Thursday, 30 November 2017

Guardiola clash with Redmond begs question: What if it was Mourinho?

Pep Guardiola reacts as he talks with Southampton's midfielder Nathan Redmond.
Jose Mourinho has been dubbed an "enemy of football" and a "coward" among many other slights on his character -- so how do you think he would have been perceived if he acted like Pep Guardiola on Wednesday night?

Witness the Manchester City manager's manic confrontation with Nathan Redmond after City's 2-1 win over Southampton. Wide-eyed and bouncing with ferocious energy, he marched over to Redmond, threw his arms around his neck, pushed his chest and then went about setting the world to rights towards a player presumably crestfallen at seeing one point evaporate into nothing, courtesy of the late Raheem Sterling show.

It was all rather weird to see. Was it necessary? Of course not. Guardiola's explanation of the incident was, in keeping with this episode, a bit peculiar.

"I said what good a player he is," Guardiola told a news conference. "Last season he destroyed us here. I didn't know him last season and didn't realise how good he is. Today he could not attack because he defends all the time."

A heated debate between two protagonists in the wake of a dramatic finale isn't "bad" per se, but it was hardly a magnanimous reaction. So what if Southampton defended stoutly against City? They were facing a side that had scored 42 goals in 13 ahead of the match -- a rate of 3.2 a game. It isn't down to Southampton to play nice. Why even expect them to?

Just imagine if Mourinho, sent off against Southampton back in September for walking half a yard or so on to the field of play, went on to the pitch at the end and mirrored Guardiola's actions. The reaction, you could argue, would be rather different to the one that met his rival's.

"Look at how thoughtful and passionate about football Pep is!" has been the reaction from some. Would such a claim have been reserved for Mourinho? Of course not; it's much more likely to be: "Look at the state of Mourinho. He's lost it and making everything about himself."


Mourinho was sent off and banned for one match by the Football Association last season for kicking a water bottle in anger after Paul Pogba was booked for diving against West Ham. He was also fined £16,000. Memories of his minor misdemeanour came flooding back in the wake of Guardiola's clash.

A player's or manager's image has become increasingly more important and it helps shape opinions on their actions. Guardiola, praised for his cerebral approach to football and the way his teams win with style, has been able to get away with more than others. He's deemed different and when he acts such a way, it's just classed as a typical Pep thing to do.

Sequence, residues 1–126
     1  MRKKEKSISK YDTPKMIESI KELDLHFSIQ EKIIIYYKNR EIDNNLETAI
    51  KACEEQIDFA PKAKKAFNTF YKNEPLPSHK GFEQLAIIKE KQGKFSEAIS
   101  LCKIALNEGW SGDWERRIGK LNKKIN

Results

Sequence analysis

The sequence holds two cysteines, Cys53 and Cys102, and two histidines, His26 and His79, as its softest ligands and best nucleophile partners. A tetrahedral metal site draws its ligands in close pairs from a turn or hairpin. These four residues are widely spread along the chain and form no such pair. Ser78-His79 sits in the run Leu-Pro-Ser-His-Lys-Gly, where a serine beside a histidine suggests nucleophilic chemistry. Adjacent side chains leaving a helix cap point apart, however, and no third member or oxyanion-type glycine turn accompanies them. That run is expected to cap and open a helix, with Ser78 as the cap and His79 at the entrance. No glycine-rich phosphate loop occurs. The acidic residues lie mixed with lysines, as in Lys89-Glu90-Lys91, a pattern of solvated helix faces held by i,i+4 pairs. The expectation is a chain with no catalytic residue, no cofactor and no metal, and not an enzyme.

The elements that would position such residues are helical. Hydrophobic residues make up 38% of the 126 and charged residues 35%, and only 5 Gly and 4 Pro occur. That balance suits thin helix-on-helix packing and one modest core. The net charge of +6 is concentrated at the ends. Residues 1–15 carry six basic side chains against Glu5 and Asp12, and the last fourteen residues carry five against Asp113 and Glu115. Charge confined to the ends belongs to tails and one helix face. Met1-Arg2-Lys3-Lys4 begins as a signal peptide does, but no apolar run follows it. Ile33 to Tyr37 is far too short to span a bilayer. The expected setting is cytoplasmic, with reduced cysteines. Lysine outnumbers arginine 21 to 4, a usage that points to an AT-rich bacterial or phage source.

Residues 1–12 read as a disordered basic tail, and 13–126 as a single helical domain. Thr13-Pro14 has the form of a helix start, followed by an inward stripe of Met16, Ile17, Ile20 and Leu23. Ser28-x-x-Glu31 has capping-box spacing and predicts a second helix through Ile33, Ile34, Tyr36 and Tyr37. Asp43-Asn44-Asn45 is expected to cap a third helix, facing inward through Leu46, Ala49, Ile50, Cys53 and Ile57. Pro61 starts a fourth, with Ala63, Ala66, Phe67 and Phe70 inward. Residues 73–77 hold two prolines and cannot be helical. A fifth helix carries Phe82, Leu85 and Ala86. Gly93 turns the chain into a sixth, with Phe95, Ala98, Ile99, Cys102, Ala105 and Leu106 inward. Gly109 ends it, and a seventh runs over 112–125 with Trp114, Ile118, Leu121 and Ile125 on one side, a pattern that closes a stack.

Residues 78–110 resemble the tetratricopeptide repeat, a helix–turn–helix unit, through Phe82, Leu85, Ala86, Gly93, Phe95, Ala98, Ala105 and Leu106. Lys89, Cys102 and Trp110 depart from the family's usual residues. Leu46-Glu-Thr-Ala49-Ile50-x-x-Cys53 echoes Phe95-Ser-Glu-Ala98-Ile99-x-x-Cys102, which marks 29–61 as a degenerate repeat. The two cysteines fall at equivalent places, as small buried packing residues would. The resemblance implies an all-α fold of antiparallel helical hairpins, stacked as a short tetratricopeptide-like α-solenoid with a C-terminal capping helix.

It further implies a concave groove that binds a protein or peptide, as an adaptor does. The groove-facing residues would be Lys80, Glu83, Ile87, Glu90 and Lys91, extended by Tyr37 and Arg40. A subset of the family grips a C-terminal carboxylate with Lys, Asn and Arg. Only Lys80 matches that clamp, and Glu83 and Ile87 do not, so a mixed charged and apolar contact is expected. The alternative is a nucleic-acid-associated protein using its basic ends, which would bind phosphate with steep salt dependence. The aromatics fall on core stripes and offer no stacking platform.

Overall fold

Jurgen Klopp, too. There's an irritating propensity from some observers to categorise him as a wacky, zany character. A lovable eccentric, who mirrors how his football teams play the game too.

Witness this risible assertion from fourth official Neil Swarbrick back in February, when a manic Klopp confronted him during Liverpool's 1-1 draw with Chelsea at Anfield.

There was a feisty exchange -- very similar to Antonio Conte's actions on the touchline that got him sent off against Swansea on Wednesday -- yet Klopp claimed Swarbrick said: "No problem, I like your passion!"

It was a rather sickly thing to say and that episode, plus the Guardiola clash on Wednesday, highlights some stark differences in how managers and their actions are perceived. One man's passion is another man's poison. It depends on who we're talking about. Perhaps you could argue past indiscretions shape how a manager is viewed and with a rap sheet that includes poking someone else's eye, maybe Mourinho can't complain that when he blows his top, the authorities take a dim view and fans start to complain.

Guardiola, this episode shows, can behave rather weirdly at times but he has yet to outage the masses in the way Mourinho has done, so the Catalan benefits from having a little credit in the bank.

But it was all a bit distasteful all the same. Tottenham coach Mauricio Pochettino asserted that Guardiola "struggles to be a gentleman" in victory and the episode on Wednesday night backs up such a claim.

Was it worthy of punishment? Different people will have different opinions. Could Mourinho and Manchester United be justified in feeling frustrated a comparatively minor indiscretion, the heinous act of kicking an inanimate object, was punished? Absolutely.

Redmond, for his part, showed little-to-no emotion, which would on the face of it corroborate Guardiola's account that he was hardly attacking the Southampton winger with the ruthless abandon his Manchester City side show when they go forward. Had Guardiola been insulting or abusive, you'd imagine Redmond would have shown more in response.

All this has done is underline the belief that many fans, pundits and neutral observers have grown tired of Mourinho and the baggage he brings. Guardiola, for now, can carry on as he pleases.

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